I recently took an Uber in route to the Vegas airport and as the driver loaded my luggage into the trunk, I noticed the government issued license plate that identified him as a disabled vet.
We got to talking and when I asked which branch he served, he said he was an Army Ranger who trained countless soldiers and had completed six tours in Afghanistan before God decided he had other plans for the rest of his life.
In our short 11 minute trip, I learned he received a fifteen dollar raise in over two decades of service before he was too injured to continue doing what he loved for his country. “It is what it is”, he told me about his unplanned fate, and when I told him that had been my Dad’s life motto before he passed away from a service related illness 5 years prior, I learned that both our dads served in the Vietnam war and had been faced with similar health challenges as a result.
I learned he was receiving full disability and working on the side for extra “throw away” money because otherwise he was just making ends meet. I additionally learned he had just broken his cheap sunglasses that he wore daily due to his visibly damaged eye from the shrapnel of a roadside bomb that required constant shade.
I learned he loved his job as an Uber driver because he enjoyed the diverse company and extra spending money, but was sometimes shamed at the sense of entitlement he felt at the hands of some customers who acted superior to him, the lowly regarded Uber driver he was in their shallow eyes…
I learned he took great pride in knowing all the back roads of the area so he could get his customers to their destination in the quickest way possible. He kept his car in pristine condition to keep his customers comfortable and frequently went out of his way to give a positive experience, only asking for a high service rating in return to ensure a constant flow of business.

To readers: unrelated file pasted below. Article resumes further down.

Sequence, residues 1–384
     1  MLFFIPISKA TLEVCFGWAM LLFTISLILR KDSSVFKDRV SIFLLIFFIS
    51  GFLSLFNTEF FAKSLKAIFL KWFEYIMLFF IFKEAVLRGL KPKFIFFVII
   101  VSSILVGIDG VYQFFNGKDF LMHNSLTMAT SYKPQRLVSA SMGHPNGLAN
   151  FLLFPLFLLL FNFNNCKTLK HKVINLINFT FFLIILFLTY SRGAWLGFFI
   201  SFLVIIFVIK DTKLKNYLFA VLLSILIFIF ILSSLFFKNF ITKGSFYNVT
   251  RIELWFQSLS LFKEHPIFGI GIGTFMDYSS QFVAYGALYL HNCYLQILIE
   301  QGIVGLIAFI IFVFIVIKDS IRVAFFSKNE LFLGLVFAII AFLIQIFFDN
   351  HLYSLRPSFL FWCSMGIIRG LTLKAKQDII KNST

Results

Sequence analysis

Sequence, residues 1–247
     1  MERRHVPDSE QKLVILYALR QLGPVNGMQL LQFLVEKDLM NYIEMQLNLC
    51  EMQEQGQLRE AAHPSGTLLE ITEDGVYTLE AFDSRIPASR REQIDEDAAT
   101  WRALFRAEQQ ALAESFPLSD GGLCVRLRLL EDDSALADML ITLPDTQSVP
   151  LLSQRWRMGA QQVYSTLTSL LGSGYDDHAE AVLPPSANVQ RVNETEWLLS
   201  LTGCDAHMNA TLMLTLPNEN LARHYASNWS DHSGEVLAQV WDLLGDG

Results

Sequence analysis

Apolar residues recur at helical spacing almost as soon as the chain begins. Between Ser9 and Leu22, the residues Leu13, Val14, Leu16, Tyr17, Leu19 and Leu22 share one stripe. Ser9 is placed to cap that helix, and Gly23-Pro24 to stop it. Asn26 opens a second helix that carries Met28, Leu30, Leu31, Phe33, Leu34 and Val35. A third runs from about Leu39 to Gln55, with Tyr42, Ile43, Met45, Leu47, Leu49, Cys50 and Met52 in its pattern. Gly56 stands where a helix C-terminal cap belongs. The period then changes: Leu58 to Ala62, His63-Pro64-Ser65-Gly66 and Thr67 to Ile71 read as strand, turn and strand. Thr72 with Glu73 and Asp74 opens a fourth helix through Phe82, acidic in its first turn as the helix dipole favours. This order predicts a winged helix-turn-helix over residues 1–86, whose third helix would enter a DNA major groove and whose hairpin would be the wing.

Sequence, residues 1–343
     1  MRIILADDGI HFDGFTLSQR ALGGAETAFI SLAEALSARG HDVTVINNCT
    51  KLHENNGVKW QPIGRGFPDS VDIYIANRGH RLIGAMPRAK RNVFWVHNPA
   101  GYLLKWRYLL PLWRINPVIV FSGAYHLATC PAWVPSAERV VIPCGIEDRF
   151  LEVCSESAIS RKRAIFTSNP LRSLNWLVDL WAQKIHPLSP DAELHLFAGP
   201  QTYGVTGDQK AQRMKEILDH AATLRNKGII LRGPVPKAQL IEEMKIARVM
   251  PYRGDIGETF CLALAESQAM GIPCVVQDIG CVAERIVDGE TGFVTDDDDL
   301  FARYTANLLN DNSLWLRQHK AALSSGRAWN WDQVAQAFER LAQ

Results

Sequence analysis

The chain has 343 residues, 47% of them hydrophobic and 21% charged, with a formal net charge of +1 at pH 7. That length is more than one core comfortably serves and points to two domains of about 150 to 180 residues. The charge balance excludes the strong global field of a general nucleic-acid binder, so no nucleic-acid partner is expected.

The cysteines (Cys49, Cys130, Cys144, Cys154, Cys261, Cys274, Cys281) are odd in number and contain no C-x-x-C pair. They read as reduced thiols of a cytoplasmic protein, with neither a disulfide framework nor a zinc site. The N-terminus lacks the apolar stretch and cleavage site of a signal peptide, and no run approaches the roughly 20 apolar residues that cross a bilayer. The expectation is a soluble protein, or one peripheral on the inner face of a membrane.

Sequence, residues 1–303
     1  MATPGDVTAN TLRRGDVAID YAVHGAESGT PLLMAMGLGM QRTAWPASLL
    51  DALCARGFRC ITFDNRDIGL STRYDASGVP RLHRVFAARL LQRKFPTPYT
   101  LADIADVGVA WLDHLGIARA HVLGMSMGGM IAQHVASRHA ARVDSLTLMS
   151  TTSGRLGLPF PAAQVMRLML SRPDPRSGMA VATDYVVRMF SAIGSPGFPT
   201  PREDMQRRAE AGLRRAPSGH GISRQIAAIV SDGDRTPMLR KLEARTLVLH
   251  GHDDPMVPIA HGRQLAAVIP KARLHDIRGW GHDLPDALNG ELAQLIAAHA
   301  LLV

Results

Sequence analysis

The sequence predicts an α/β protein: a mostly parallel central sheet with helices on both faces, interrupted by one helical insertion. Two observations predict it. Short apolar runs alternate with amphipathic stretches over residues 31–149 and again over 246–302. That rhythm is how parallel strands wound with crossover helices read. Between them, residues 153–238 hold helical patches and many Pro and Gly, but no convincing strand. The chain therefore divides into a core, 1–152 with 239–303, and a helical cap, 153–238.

As he helped me unload my luggage and I handed him a small token of my appreciation, it seemed to have stopped him in his tracks. He couldn’t stop thanking me and told me that I just afforded him a new pair of sunglasses. He said he was rarely compensated for his service and that he felt I would be blessed beyond measure for my generosity of blessing him.
I had just spent three days in Vegas trying to get comfortable in sinking dollar bills into slot machines that soaked them up quicker than I could push the button. It doesn’t matter whether this veteran became a good hustler who learned how to gain sympathy from his customers with his battle story or if he was truly sincere in his heartfelt appreciation. The latter is what I choose to believe.
What I never got to tell him before he drove away, regardless of his overall intent of the brief crossing of our paths, was that his words in those moments left me with bigger blessings than I could have ever received from the winnings of a slot machine.
Being reminded of my dad, the sacrifices of those who protect our freedom and the importance of appreciating those whose lives may be forever changed because of their commitment that often comes with a price, it simply cannot be bought. Time and words are free, and moments of life’s little synchronized connections such as these are priceless.
Love a vet. Thank them for their service. Let them know they matter. Bless them and be blessed. It takes less than 11 minutes. And it doesn’t cost a thing.